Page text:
Our plan to buy a guest house in our beloved Hermann, Missouri was curtailed with the water main break in our home 2 weeks ago. We have to take care of our own residence before providing for others. Purples, lavendar, greens, and grapevines color my vision to share a tranquil retreat with others. This will come about … God’s perfect timing and plans. We focus on new flooring, walls, and doors for our home. God’s provisions and blessings. The basics and the details are in His hands.
Dean & I averaged a 2 or 3-day trip (sometimes with our Labrador-flat coat retriever Midnight in tow) every 3rd weekend to the Missouri towns of Farmington, Lee’s Summit, Liberty, and Springfield as well as Leawood, KS to see our kids, grandkids, and Dean’s parents. Engagement parties and showers along with the grand finale celebrations kept us busy. Besides these beautiful weddings, we sought a reprieve of 10 warmer degrees (above freezing!) one extended weekend in February, and drove down to Paducah, KY. A lovely artisan town and my sanity! The coldest winter on record in the Midwest and with my allergy to the cold, I was in a constant swollen state until the thaw in May. This season, I am on a preventive antihistamine,taking it religiously until next May and hoping for a milder winter. No epie pins for me! Other events … Rainer’s master’s studies graduation in May, Dean’s male bonding Ohio trip with AJ & his father in July, this summer’s memorable One Direction concert Dean escorted my granddaughters and daughters to, and another sanity check with an extended weekend in New Harmony, IN in September, and Dean’s 35th high school reunion as well as his niece’s baptism this autumn. My mother and 2 children live nearby. We enjoyed visits with the Fait, Heuertz, and Christenson cousins. The deaths of my Uncle Lee, my cousin Sandra, my 99-year old Grandpa Earl, and Dean’s Aunt Rachel brought sorrow as well as the celebration of their lives. We said goodbye to two beloved grandpets, Jesse and Pixie and welcomed the bundle of energy named Bleu.
In 2014 Dean & I reduced our debts significantly, refinanced the house, and managed to stay above water with all the weddings. Our future plans are for a big family room. We viewed a few area houses this summer, and now entertain the thought of a room addition at present abode. There’s not much left on the mortgage, we like the central location, and know all the little quirks of this house I have lived in for 28 years, Dean the past 5 years. Paring down, repairs, and renovations will be for 2015’s weekends. Last spring we built a huge herb bed of organic marjoram, dill, sage, parsley, and 4 varieties of basil inside the screen house side of our 1400 sq-ft greenhouse. Vines of gourds grew on trellises, and bush beans produced a few green meals over summer. Next autumn we will build another bed for organic root vegetables as well as a cold frame for greens within the double protection of our experimental farm structure during the winter. I write this Word Press blog Deanna Greens And Garden Art, please read if you like to keep abreast. The practice of walking, gardening and eating greener may keep us healthier longer. We are a 3-generation home once again. My Elisabeth and clan (includes 2 more cats) have lived with us since September. They are making plans for the future within this present economy. Hearing Elisabeth sing to the kids every night, and tonight “You Are My Sunshine” warms my heart. Our Midnight and cat, Celine have adjusted to sharing their eating, napping and perching spots as Dean & I have.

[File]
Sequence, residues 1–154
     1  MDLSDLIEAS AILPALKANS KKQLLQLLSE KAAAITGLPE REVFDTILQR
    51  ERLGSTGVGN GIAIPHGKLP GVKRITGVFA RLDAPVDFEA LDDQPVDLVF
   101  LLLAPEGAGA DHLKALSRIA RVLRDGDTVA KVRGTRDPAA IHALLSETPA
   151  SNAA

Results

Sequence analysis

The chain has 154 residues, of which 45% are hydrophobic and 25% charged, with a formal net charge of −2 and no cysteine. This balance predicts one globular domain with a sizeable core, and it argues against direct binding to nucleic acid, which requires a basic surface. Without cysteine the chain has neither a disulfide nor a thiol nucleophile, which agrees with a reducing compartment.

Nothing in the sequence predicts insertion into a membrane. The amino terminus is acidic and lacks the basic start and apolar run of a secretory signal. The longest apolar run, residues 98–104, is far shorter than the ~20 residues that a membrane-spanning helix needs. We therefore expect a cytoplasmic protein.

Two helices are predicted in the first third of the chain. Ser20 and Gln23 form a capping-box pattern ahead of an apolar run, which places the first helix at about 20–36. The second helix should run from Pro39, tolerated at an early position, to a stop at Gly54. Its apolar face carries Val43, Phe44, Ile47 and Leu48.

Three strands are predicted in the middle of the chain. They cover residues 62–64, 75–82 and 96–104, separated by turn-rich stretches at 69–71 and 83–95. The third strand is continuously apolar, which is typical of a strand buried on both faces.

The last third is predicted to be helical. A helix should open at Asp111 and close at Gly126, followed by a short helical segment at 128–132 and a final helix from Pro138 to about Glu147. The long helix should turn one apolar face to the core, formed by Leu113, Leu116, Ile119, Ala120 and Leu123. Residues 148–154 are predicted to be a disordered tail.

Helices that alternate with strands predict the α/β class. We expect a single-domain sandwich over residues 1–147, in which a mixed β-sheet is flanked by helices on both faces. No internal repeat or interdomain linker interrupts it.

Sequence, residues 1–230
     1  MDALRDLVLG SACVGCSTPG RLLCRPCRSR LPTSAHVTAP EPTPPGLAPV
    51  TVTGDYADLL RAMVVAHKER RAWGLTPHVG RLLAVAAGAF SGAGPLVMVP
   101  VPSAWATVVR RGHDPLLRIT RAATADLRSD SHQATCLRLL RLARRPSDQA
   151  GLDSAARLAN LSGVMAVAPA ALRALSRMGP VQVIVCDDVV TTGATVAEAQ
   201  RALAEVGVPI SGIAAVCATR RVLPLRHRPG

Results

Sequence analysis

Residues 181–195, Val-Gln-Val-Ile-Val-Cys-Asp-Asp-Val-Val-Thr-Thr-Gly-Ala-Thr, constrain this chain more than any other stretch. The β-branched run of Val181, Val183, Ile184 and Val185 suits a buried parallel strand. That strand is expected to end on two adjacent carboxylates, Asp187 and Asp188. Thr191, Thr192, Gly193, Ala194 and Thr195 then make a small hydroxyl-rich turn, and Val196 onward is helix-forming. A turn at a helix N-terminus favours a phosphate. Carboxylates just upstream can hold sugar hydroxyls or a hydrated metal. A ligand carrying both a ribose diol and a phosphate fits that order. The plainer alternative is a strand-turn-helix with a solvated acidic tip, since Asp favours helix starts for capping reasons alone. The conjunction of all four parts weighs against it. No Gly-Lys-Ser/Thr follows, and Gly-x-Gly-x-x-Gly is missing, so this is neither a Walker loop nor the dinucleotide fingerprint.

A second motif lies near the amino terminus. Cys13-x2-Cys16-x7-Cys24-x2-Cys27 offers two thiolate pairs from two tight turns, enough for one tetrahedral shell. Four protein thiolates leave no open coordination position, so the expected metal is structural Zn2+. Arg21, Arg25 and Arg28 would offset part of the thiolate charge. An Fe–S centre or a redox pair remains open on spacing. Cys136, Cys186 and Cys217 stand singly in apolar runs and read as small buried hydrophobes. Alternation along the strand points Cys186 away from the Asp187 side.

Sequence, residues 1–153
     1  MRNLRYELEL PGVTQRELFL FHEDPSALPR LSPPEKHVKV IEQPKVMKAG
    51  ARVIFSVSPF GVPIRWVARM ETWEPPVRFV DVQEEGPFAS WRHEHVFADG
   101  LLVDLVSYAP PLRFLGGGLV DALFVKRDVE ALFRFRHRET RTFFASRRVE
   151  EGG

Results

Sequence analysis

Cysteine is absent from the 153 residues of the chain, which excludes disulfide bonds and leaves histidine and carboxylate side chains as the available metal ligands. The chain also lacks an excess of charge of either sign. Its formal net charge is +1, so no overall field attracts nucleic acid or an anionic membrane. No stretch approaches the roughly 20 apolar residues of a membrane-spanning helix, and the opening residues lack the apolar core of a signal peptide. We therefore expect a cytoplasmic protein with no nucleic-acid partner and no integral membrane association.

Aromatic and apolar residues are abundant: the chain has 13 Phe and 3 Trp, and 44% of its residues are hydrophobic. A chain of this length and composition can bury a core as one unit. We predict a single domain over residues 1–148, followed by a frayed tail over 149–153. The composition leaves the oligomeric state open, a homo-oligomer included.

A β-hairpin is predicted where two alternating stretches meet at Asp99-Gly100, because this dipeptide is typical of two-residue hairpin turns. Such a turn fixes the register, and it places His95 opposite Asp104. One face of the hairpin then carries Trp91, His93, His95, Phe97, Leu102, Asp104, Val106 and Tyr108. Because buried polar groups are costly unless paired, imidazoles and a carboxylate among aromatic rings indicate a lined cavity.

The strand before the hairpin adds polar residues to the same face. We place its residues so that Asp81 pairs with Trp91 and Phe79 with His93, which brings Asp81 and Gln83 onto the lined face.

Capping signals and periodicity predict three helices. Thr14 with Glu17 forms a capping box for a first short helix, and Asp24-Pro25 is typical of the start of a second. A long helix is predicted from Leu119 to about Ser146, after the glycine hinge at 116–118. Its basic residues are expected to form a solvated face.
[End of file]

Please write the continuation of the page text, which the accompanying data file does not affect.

Our full-time jobs, Dean with the National Archives and I with St. Louis County, have their perks as well as draw-backs. We love the Monday holidays, PTO banks, and good benefits. The draw-backs are the modest income, the ultimate politics, and security threats. Working in St. Louis County, MO has been a challenge at times since the historical August 9 shooting. By the grace of God despite the presence of protestors, media, FBI, National Guard, and extra police force, I came through with the mindset, “God is in control and I am placed here for such a time as this”. I pray for protection for our police officers and for peace that surpasses all understanding for those who feel victimized. I am taking an online course study towards a CEBS certification. Study, study, more study in 2015!
Blessings and wholeness to you! From this wordie, foodie, and wellness guru in St. Charles County, MO, love always! Anna
“We have learned that more of the “earth-earthiness” would solve our social problems, remove many isms from our vocabulary, and purify our art. And so we often wish that those who interpret life for us by pen or brush would buy a trowel and pack of seeds.” Ruth R. Blodgett is quoted about the practicality and sociology of a garden.
If everyone tended to their own garden, there would be no time for “isms”. How down to earth can you get with a garden? Very. Just my take on life today in St. Louis, Missouri. The garden is where I would rather be.